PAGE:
May 04

Ingredient of the Month: Apricots


Fresh apricots on a sunny day

The apricot season has begun!

Here is a new feature for this Blog.  In the first week of every month I will be showcasing a fresh seasonal ingredient, discussing its nutritional value and showing you ways to incorporate it into your life.  This week I met the first apricots of the season on a market stall (the apricot season in Britain runs from May-September), so I was inspired to talk about these golden beauties.

What are the key nutrients in Apricots?

Apricots contain a wide range of vitamins and minerals.  In particular, 100g of fresh apricots (about 3 fruits) contains 39% of your daily Vitamin A requirement, 17% of your daily Vitamin C, and 7% of your daily potassium (1).  The same amount of fruit contains 8% (2g) of your recommended fibre intake, but with only 48 calories and a glycaemic load (GL) of 4, making it one of the best fruit choices if you are interested in balancing your blood sugar.

Apricots owe their golden-orange colour to carotenes such as lycopene and lutein.  These plant chemicals have been associated with eye and heart health, and with cancer prevention (2).

How can I include them in my diet?

  • Include a few dried apricots chopped into your morning porridge (the GL for 100g dried apricots is 30, so use sparingly)
  • Use apricots in your fruit salads.  The colour is a particularly pretty contrast with dark fruits such as blueberries.
  • Add a few fresh apricots to your smoothie for an easy fibre boost.
    Warming Vanilla Apricots with Coconut Yoghurt
    Warming Vanilla Apricots with Coconut Yoghurt
  • If you are having a barbecue, thread apricot halves with other firm fruit pieces onto a skewer and grill them on the barbecue.  Brush with a little honey or maple syrup if you eat it to caramelise them.
  • Dried apricots make a great addition to tagines, but if you don’t like spicy flavours, you can use them in ordinary dishes with chicken and lamb, aubergine and butternut squash too.  Try this recipe for chicken and apricot casserole.
  • For a sweet, but not sugary treat, try out my Warming Vanilla Apricots.

Are there any risks associated with apricots?

Natural dried apricots

Use dried apricots that look like this. They don’t contain sulphur dioxide.

Dried apricots often contain sulphur dioxide as a colour preservative, which some people react to badly.  When you buy dried apricots, buy the dark ones rather than the bright orange ones.  They may not be as pretty, but they also contain fewer additives.

Apricots contain moderate levels of oxalates.  If you are sensitive to oxalates, or you have a history of calcium oxalate-based kidney stones, you should make them an occasional treat.

Although apricot kernels have been found to inhibit cancer growth in mice (3), they can also contain up to 200mg cyanide per kilo (4).  Cyanide is a fatal poison,  so if you use apricot kernels in your cooking limit yourself to 3 per day, and avoid giving them to young children.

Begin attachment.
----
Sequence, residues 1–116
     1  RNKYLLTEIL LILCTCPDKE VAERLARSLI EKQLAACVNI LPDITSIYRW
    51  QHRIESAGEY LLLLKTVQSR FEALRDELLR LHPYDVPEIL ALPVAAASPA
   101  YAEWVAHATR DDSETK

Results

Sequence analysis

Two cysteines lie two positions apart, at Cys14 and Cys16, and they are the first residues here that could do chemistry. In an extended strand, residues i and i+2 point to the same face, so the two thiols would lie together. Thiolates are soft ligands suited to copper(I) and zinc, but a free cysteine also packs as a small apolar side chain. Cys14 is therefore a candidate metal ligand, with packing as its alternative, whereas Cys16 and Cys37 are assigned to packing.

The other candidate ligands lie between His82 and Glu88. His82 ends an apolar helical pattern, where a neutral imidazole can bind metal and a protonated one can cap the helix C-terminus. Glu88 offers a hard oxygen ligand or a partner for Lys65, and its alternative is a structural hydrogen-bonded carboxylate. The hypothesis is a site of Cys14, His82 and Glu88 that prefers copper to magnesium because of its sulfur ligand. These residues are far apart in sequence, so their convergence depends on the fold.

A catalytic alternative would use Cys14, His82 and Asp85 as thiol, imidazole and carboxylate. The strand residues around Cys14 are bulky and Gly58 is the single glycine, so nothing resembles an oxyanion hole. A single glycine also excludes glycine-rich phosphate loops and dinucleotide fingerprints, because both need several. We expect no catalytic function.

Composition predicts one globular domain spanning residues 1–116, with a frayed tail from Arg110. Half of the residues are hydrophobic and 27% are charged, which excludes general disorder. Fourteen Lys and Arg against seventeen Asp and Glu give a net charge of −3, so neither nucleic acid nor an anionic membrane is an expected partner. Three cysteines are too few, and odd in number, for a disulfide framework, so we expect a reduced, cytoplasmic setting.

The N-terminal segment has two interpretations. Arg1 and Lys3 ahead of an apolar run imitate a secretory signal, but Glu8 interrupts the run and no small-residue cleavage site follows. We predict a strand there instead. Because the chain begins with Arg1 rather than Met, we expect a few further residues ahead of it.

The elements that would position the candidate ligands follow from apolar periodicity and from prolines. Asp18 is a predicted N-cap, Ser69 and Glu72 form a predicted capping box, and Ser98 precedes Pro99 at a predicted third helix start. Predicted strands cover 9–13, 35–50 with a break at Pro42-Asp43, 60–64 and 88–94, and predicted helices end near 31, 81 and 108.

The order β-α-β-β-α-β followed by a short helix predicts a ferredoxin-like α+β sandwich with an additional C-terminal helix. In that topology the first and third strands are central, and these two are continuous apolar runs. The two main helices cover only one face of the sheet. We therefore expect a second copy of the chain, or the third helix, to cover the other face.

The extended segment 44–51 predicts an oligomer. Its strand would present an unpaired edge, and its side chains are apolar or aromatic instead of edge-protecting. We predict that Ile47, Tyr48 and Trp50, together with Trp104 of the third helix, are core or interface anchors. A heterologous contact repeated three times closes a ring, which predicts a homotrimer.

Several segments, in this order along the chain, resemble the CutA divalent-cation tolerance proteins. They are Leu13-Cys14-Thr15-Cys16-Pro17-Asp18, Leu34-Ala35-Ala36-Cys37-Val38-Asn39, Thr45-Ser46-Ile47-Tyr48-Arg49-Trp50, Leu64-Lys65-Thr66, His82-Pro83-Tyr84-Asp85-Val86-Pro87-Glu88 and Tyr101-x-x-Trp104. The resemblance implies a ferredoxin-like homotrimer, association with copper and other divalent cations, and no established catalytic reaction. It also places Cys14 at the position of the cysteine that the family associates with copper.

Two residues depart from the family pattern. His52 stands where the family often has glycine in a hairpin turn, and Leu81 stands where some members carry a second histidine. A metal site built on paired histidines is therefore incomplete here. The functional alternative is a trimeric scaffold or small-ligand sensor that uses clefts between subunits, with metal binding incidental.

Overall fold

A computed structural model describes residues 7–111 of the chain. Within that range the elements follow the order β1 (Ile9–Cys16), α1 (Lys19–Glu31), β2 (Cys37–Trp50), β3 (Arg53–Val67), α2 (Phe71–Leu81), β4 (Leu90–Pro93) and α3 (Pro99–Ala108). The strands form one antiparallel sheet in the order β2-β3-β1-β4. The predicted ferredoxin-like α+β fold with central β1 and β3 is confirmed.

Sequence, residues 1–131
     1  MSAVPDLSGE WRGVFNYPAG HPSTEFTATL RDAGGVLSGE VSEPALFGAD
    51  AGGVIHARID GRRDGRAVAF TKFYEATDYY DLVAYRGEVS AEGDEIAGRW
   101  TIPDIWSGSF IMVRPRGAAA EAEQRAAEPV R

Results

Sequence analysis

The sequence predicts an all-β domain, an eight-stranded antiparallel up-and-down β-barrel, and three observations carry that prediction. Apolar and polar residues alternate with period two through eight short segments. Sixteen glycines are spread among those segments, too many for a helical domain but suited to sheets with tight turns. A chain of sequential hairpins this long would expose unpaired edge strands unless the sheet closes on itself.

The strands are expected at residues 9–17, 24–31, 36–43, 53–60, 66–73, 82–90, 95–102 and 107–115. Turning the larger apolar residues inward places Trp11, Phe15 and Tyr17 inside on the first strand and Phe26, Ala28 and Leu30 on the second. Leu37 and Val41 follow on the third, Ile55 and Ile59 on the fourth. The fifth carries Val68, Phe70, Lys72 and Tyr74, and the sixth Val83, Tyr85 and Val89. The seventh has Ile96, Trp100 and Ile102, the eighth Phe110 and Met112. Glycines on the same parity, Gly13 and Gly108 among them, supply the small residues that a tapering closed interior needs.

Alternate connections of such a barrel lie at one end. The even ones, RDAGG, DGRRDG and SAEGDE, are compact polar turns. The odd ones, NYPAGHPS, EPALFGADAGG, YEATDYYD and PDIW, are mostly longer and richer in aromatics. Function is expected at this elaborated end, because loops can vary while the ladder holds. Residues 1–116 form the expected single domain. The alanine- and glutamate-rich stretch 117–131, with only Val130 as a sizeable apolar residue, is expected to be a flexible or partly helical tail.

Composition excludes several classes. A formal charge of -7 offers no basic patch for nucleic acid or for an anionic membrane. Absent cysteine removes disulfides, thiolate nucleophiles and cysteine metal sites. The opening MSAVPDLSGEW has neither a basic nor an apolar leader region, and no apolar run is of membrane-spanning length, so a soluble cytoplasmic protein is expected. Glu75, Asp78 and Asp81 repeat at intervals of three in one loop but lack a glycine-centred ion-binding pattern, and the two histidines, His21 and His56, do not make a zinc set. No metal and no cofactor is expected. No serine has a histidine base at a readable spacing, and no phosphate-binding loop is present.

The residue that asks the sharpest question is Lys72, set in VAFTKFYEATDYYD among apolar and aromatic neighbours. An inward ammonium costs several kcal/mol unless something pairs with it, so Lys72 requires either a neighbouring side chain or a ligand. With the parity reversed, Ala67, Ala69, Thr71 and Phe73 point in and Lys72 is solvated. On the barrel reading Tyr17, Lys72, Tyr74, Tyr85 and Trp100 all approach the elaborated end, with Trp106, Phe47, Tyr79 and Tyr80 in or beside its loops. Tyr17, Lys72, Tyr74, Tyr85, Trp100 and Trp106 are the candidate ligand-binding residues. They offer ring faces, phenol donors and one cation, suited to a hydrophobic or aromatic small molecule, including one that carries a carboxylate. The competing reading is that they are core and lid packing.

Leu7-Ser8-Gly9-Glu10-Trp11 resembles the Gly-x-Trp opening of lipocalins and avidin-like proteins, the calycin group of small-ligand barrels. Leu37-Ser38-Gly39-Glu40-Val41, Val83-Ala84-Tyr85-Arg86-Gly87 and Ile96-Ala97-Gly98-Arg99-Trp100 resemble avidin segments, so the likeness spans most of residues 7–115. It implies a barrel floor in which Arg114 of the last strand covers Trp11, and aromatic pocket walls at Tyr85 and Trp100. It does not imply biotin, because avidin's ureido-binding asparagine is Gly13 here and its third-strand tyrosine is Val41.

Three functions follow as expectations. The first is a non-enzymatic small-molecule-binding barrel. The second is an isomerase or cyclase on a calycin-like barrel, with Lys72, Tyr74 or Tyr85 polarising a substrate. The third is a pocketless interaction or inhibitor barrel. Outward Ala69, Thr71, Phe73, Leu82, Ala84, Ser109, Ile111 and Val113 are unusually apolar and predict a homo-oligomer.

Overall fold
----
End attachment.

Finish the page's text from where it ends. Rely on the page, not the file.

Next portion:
Did you know?

    • Apricots originated in China.  In antiquity, the Chinese called them ‘moons of the faithful’, and believed that they would make women more fertile.
    • It is believed that apricots were brought from China to Greece by Alexander the Great.  From there they were distributed throughout the Western world.
Astronaut standing on the moon
“Ready for an apricot, Mission Control!”
  • Eating Japanese apricots (prunus mume) daily may help food move faster through the digestive tract, and reduce reflux symptoms (5).  Japanese apricots are a sour pickle, traditionally eaten with rice in Japan.
  • Astronauts ate apricots on the Apollo moon mission.
  • Apricots are ready to eat when they are golden-orange and slightly soft to the touch; neither hard nor mushy.  If you are not eating them for a few days, buy them when they are firm, and more of a yellow colour.


1. http://nutritiondata.self.com/facts/fruits-and-fruit-juices/1827/2.  [Accessed 4 May 2016].

2. Murray, M., & Pizzorno, L., (2005).  The Encyclopaedia of Healing Foods, London, Piatkus.

3. Yamashanov, V.A., Kovan’ko E.G., & Pustovalov, Y.I., (2016).  Effects of Amygdaline from Apricot Kernel on Transplanted Tumors in Mice.  Bulletin of Experimental Biology and Medicine, 160(5), 172-174.

4. Chaouali, N., Gana, I., Dorra, A., Khelifi, F., Nouioui, A., Masri, W., Blewaer, I., et al, (2013).  Potential Toxic Levels of Cyanide in Almonds (Prunus amygdalus), Apricot Kernels (Prunus armeniaca), and Almond Syrup.  ISRN Toxicology, Published online September 2013.

5. Maekita, T., Kato, J., Enomoto, S., Yoshida, T., Utsunomiya, H., Hayashi, H., Hanamitsu, T., et al, (2015).  Japanese apricot improves symptoms of gastrointestinal dysmotility associated with gastroesophageal reflux disease.  World Journal of Gastroenterology, 21(26), 8170-8177.



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